This bottle is a pretty big deal as far as wines are concerned, and I am very excited personally to finally be digging into a bottle and analyzing it.
In fact, 2009, 2010, and this very bottle, 2016, have all received perfect 100-point ratings from some of the most highly regarded reviewers in the wine industry.
These are not the only highly regarded vintages but rather a snapshot of some of the most exceptional, most recent bottlings. The lead winemaking consultant is Michel Rolland, who works for such top estates as Chateau Petrus.
To understand a bit of what makes this particular bottle so special, I need to explain a bit of history. In Bordeaux, France, there was established what is known as the Grand Cru Classé in 1855.
In short, it was a ranking system designed to assign a “tier-level” to different estates, from fifth growth (the lowest classification) to first growth (the highest classification).
There are only five first-growth estates. There is, however, an unofficial term used by those in the industry to refer to wines on par with first-growth estates which are not first-growths.
That term is “super seconds,” and they are generally second-growth estates.
Chateau Pontet-Canet is the only “lowly” fifth growth considered to be a super second and stands shoulder to shoulder with giants in the world of Bordeaux.
2016 Chateau Pontet-canet Review
All of the grapes for this bottle are grown on a small 81-hectare parcel of land located in Pauillac, the same Bordeaux subregion which legends such as Chateau Mouton and Chateau Lafite call home.
The estate is certified organic and biodynamic, and the average age of the vines is over fifty years old.
Great care is put into every step of the winemaking process, as each berry is manually sorted and destemmed prior to being allowed to ferment with indigenous yeast strains.
The wine is then aged, 50% in new oak barrels, 35% in concrete amphoras, 15% in one wine oak barrels, for 16 to 18 months, depending on the vintage.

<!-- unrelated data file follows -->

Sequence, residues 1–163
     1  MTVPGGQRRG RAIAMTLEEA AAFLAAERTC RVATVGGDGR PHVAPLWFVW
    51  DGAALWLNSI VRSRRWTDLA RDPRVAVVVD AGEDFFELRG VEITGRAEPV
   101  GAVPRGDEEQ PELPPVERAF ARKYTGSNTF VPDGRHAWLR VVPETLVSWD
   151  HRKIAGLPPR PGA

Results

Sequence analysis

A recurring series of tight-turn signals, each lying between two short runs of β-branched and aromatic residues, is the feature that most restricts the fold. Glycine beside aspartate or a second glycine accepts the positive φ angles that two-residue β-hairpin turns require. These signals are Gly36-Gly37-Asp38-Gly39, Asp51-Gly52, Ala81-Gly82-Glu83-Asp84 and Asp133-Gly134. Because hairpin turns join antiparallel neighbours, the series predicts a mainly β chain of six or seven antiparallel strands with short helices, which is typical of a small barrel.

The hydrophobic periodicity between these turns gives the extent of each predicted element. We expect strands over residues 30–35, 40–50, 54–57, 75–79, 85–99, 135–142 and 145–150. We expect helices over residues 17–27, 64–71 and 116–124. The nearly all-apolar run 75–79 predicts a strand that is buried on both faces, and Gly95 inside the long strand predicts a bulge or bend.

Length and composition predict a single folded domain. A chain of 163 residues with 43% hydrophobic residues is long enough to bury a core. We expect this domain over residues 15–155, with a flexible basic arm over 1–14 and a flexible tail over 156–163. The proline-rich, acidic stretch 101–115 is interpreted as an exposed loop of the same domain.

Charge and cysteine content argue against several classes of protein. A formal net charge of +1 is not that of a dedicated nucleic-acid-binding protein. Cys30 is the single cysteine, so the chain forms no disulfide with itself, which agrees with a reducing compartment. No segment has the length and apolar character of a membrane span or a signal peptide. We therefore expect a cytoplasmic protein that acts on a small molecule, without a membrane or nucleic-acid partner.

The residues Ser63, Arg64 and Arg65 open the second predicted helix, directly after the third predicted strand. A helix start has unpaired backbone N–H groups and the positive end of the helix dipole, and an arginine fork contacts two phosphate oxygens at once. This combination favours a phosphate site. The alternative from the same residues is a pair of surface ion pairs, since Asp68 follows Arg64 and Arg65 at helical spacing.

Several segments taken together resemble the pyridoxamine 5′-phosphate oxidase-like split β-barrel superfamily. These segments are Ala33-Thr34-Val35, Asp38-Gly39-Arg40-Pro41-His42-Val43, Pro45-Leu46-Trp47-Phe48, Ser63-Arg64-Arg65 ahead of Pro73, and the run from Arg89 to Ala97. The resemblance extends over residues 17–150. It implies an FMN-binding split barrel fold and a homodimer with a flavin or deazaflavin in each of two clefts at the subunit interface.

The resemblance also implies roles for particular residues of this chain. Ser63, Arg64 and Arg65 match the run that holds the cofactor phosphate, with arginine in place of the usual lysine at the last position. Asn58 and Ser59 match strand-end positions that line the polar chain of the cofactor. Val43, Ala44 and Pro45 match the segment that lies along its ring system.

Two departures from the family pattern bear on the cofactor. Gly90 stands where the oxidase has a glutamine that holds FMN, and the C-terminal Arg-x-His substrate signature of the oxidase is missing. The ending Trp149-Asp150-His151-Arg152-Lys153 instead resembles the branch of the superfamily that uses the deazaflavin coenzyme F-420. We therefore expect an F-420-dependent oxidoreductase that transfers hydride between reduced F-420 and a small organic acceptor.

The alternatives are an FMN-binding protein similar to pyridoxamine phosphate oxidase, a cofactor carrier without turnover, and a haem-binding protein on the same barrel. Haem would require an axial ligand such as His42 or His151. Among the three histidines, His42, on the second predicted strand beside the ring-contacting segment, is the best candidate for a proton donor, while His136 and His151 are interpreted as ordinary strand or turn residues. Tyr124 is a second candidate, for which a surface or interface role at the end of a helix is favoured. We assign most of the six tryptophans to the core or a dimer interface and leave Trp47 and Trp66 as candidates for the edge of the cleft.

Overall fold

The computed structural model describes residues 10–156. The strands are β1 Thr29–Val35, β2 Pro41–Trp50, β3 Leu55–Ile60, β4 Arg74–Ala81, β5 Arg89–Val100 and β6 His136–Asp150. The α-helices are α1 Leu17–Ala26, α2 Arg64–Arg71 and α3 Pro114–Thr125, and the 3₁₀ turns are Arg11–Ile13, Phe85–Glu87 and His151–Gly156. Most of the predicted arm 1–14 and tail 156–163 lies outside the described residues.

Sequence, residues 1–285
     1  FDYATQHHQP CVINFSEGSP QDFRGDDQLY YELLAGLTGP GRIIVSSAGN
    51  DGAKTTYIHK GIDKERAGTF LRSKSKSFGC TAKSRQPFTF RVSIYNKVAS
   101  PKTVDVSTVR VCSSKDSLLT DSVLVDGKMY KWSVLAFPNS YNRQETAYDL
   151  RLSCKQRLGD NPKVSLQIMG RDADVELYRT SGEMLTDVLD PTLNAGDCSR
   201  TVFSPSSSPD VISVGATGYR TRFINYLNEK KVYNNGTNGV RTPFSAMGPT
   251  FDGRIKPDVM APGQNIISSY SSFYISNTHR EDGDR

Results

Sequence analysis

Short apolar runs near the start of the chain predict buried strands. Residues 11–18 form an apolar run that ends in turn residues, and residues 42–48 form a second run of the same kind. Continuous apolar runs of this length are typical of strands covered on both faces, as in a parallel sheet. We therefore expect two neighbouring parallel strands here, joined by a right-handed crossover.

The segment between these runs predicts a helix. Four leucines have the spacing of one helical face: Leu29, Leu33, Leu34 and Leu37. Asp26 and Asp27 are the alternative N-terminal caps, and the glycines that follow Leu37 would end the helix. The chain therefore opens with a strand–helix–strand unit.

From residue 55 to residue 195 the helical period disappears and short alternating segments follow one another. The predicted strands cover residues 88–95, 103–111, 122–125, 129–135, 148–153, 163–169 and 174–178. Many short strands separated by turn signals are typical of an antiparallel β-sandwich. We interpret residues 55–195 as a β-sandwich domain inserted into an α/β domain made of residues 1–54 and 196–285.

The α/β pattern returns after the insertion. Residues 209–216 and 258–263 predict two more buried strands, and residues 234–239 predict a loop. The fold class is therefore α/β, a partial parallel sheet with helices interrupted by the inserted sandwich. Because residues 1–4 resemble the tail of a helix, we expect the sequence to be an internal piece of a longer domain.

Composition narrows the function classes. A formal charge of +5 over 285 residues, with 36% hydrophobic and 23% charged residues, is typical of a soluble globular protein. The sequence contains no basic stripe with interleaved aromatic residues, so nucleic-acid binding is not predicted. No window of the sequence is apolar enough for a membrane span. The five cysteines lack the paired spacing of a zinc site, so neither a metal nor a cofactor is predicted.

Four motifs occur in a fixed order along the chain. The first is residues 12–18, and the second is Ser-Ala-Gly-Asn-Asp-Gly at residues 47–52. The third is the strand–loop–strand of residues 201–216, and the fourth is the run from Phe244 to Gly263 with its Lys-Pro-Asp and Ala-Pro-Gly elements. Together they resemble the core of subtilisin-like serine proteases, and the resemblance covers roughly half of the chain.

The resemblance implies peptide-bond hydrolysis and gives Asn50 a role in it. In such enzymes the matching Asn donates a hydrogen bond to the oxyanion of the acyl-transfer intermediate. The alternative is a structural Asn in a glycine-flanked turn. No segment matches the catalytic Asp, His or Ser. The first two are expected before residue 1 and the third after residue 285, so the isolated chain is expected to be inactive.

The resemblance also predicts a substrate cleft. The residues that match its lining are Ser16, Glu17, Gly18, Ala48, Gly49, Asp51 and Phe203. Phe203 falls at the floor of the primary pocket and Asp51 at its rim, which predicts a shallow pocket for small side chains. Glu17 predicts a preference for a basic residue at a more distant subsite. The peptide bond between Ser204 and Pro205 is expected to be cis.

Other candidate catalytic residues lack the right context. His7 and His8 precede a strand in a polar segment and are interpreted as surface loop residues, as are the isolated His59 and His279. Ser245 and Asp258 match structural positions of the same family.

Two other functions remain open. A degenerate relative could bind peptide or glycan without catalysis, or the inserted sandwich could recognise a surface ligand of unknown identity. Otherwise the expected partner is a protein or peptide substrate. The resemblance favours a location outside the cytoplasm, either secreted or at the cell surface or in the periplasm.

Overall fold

2016 Chateau Pontet-canet
- Brand: Chateau Pontet-Canet
- Country: France
- Region: Bordeaux, Left Bank
- Wine Type: Red Wine
- Varietals: Cabernet Sauvignon, Merlot, Cabernet Franc, Petite Verdot
- ABV: 13.5%
This wine is stunning in the glass, sporting a garnet color complimented by a dull ruby meniscus at the edges. The legs are heavy and firm and fall down the glass in their own due time.
In short, amazing. The aromas hit you in waves, starting with dark chocolate, aged pipe tobacco, and cherry liqueur.
There are also notes of wild blackberries, coffee, and fresh violets, complimented by just a bit of a warm earthy tone I can’t quite put my finger on.
There is a lot going on here. First, the structure here is amazing. It is powerful, tightly knit, and has ample tannin and acidity. This bottle is 100% built to age for the long haul.
Flavors of blackberries and blueberries are laced with mocha and freshly ground coffee.
Then there are some accenting notes of rich baking spice, toasted oak, and a bit of minerality, which I feel is partially the result of being aged in the amphoras.
The wine has a sense of freshness to it despite all of the power in there, and it is a pretty approachable bottle now. That said, if you have the patience, it will certainly develop over the coming years and be even more delicious.
What Does the 2016 Chateau Pontet-canetpair With?
The intensity of this bottle pretty much limits pairing options to red meat. Wild boar, venison, and rare or medium rare cuts of beef would be my preference when serving this bottle.
One of my personal favorite pairings is sautéed flank steak with oyster mushrooms, served with a side of truffle fries.
What Wines Are Similar to the 2016 Chateau Pontet-canet?
Obviously, the big guys like Chateau Lafite and Chateau Mouton. For a more budget-friendly find, try Baron Philippe de Rothschild Chateau d’Armailhac.
It is an exceptional value for a fraction of the price of a lot of the big guys. Finally, I would recommend trying Roy Estates Red Blend.
It is produced in California by one of my personal favorite winemakers, who spent much of his time learning winemaking techniques over in Bordeaux.
I do not think I could ever bring myself to call a wine “perfect,” but if you forced me to do so, I could definitely see this bottle being in the running.
It offers amazing value and easily competes with some of the best bottles in the world.